Why members-only club Chief, with a waitlist of 60K, hates the term ‘girl boss’ • TechCrunch


president Co-founders Carolyn Childers and Lindsey Kaplan started the company because they had first-hand experience of being CEOs without much support. They’ve created a community of female leaders that now number 20,000, with 60,000 sitting on waiting lists, but don’t call these women “girl managers.”

The two women appeared in TechCrunch disabled Today in San Francisco.

Kaplan asked the audience how many men call themselves “Little Chiefs.” No one raised his hand.

“We don’t use the phrase ‘boy coach.’ We use the phrase ‘girl manager’ only because we put women in another category rather than just assuming that women can be leaders. And so I don’t like the phrase because of that. I don’t like thinking about women in leadership. It’s just leadership,” Kaplan told a Disrupt audience.

She added, “How do we celebrate women, not demolish them, and not line up as leaders by calling them ‘girl bosses’ and really making sure that women can lead and do it their own way.”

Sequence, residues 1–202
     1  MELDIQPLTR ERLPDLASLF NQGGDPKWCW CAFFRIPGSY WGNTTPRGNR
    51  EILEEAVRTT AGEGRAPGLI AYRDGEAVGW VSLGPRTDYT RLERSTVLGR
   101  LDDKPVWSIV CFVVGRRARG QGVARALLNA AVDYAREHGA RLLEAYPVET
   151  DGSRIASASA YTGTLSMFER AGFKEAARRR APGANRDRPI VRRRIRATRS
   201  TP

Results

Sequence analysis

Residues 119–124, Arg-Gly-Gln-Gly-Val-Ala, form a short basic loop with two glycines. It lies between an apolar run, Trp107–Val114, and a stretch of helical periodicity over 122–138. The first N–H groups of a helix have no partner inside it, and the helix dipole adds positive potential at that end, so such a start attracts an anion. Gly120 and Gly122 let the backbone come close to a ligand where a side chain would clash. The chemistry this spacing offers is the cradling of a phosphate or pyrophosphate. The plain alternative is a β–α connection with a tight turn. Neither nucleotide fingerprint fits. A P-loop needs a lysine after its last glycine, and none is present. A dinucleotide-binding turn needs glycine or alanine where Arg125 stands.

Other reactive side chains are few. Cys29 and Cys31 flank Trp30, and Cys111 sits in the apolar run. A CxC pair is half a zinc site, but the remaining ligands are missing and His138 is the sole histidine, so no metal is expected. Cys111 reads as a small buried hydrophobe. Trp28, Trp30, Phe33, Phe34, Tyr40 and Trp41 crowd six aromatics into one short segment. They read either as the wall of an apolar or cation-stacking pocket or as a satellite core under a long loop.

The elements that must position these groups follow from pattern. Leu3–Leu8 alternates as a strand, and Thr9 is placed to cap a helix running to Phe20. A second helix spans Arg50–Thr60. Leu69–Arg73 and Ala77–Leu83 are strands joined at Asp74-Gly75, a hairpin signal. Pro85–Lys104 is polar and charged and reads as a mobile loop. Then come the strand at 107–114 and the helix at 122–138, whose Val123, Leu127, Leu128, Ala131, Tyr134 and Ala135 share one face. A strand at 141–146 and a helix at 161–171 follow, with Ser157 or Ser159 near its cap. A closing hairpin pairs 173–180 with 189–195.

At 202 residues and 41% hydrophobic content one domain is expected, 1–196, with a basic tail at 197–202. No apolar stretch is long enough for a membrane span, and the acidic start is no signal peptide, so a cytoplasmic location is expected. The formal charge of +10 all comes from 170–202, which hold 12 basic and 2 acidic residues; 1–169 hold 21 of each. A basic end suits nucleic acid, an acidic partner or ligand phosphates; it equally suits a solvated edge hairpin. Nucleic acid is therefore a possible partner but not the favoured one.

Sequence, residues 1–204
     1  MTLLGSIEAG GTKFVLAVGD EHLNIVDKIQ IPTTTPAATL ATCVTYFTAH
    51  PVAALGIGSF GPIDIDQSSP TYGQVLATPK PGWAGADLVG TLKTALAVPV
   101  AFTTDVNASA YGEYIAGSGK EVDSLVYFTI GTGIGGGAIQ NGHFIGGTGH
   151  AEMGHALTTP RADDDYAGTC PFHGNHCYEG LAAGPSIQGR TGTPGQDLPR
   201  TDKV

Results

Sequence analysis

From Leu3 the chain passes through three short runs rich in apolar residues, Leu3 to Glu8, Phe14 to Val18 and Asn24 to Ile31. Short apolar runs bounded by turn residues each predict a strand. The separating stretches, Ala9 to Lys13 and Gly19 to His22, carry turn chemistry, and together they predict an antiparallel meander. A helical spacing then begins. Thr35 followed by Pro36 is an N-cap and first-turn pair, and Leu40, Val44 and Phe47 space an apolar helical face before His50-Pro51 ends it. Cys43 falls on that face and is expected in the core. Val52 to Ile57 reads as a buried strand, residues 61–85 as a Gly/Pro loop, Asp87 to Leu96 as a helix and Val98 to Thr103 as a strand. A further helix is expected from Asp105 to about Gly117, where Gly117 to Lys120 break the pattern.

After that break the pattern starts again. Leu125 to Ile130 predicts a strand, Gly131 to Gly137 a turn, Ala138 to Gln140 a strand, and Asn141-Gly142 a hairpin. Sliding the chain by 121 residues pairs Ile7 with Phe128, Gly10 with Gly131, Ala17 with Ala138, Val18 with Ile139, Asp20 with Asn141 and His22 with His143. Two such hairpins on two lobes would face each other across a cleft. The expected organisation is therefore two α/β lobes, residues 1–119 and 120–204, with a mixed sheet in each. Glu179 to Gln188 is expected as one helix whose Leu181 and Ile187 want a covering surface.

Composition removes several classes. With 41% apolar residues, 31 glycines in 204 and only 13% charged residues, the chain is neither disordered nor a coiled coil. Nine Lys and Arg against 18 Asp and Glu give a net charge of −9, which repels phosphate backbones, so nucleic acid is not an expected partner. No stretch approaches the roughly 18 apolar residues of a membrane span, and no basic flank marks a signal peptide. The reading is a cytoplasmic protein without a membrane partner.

The three-year-old startup has grown from a group of 200 people in New York City to a 20,000-strong organization that raised $140 million on a $1 billion valuation.

However, they have another 60,000 women who would like to join. Kaplan stresses that giving its members a highly curated, valuable experience is more important than rapidly growing and losing their value proposition.

“The experience of the members is the most important. So when you ask about growth, when we think about how only 5 million women are scratched [executives] In the US, it is very important for us to make sure that members really like their experience.”

It all comes down to the mission being born into personal experience, Childers says.

“When I started getting into the room where decisions are made, and I realized that there are differences in the way conversations are held for different people within the organization, it was just so exciting to me,” she said. I decided that creating a network of like-minded women could be incredibly beneficial.

This week the company opened what they called a “club” in San Francisco, a place where women meet face to face. They have three others in New York, Chicago and Los Angeles. In addition, they expanded outside the United States to the United Kingdom for the first time.

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